Soft or hard hair? Large, medium or small heads? Long or short? Three specialists explain how to choose the right toothbrush to care for and clean your mouth.
Nearly fifteen years ago, the Ministry of Health declared that only half of Chileans brushed their teeth correctly. In this same report it was mentioned that 90% of the population suffered from periodontal disease, which affects the gums and can lead to tooth loss if not treated in time.
Why is this problem so common in the country? Due to a poor diet – lots of sugars and processed foods that damage our mouth, and few nutrients that protect it – smoking, diabetes, stress, certain medications and, of course, poor oral hygiene. But if you take steps now, like washing properly and several times a day, your future self will surely thank you.
“The most common oral diseases, such as cavities and periodontal disease, are considered chronic, because once we suffer from cavities, we suffer from this disease for the rest of our lives,” explains Paula van Treek Pérez , dental surgeon and academic. Faculty of Dentistry of the University of Chile. Although many believe it, “a filling or restoration does not cure the disease.”
“The goal is therefore to be able to control the disease,” adds his colleague Rafael Contador Cotroneo, who, with van Treek, is a member of the department of restorative dentistry at this university. Keeping it under control, they say, is achieved mainly through “adequate hygiene, preventive measures, such as the use of fluoridated paste and regular attendance at check-ups at the dentist”, they say.
For the first point, the main thing is two things: hygienic discipline, which allows us to clean our mouth well and daily, and a good toothbrush which cleans us and does not harm us. Concerning discipline we can only give you encouragement and moral support; Regarding the brush, we have a lot of specialist advice so that you can choose the one that suits you best.
1. Soft bristles
In stores and pharmacies we see that toothbrushes, among others, are differentiated by their bristles: some say they are hard, others “medium” and others soft. How does each affect my cleaning? Is it a question of taste or effectiveness?
“In general, to properly remove biofilm (this is what dental plaque is called) and to avoid damage to oral tissues, such as gums or mucous membranes, it is recommended to use filament brushes flexible”, explains Iván Pinilla, dental surgeon. , oral rehabilitator and head of specialties at RedSalud.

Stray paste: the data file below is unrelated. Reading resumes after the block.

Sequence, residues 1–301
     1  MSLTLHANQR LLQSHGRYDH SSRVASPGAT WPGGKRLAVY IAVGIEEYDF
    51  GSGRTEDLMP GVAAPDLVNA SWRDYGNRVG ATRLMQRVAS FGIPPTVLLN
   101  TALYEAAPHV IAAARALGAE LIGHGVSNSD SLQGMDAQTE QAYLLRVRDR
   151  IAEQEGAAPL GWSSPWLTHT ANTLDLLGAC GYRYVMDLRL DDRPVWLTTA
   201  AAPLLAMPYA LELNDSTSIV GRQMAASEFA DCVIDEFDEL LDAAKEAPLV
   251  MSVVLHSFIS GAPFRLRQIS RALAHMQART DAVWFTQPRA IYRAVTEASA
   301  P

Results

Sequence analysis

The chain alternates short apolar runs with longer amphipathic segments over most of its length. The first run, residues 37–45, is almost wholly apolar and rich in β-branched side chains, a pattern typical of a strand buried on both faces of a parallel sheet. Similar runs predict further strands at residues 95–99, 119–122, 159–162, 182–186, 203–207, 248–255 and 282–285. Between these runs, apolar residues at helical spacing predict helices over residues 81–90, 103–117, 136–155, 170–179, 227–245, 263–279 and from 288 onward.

The fact that the bristles are soft means they are less rigid and more flexible, “therefore able to clean much better than hard bristles, because they adapt to all surfaces and irregularities,” adds Contador. “It’s like if you want to clean the dust off a piece of furniture and you have to choose a duster or a rake. This is the difference between a soft brush and a hard brush.
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2. What’s wrong with tough guys?
The inside of the mouth is a fragile and sensitive area, which requires constant but also delicate cleaning. It’s not clear why they exist, but hard filament brushes are less effective at removing dental biofilm – they don’t reach every corner – and they can also damage gums.
Contador and Van Treek emphasize this, and their call is to avoid this type of brushes, which are even capable of “wearing out the teeth themselves”. A stiff brush doesn’t make you tougher.
3. The right size
All three dentists suggested preferring medium or small heads and trying to avoid large ones. Because? “A shorter head allows us to better clean every corner of our mouth and teeth, reaching areas we couldn’t reach otherwise,” says Pinilla. For people with motor difficulties, it is preferable to opt, if possible, for electric toothbrushes.
“The size of the brush head must be adapted to the patient’s mouth,” adds Van Treek. “The important thing is that it accesses all areas, even those that are difficult to access, in addition to having soft and rounded filaments.”
Oral-B Expert Soft Brush
4. A higher price does not mean better cleanliness
“Price and brand don’t always indicate that the brush is better,” says van Treek. “There are inexpensive brushes that meet all the requirements we mentioned: soft bristles and a medium to small head size. » Likewise, there are more expensive and sophisticated models which will not necessarily make a difference in our hygiene.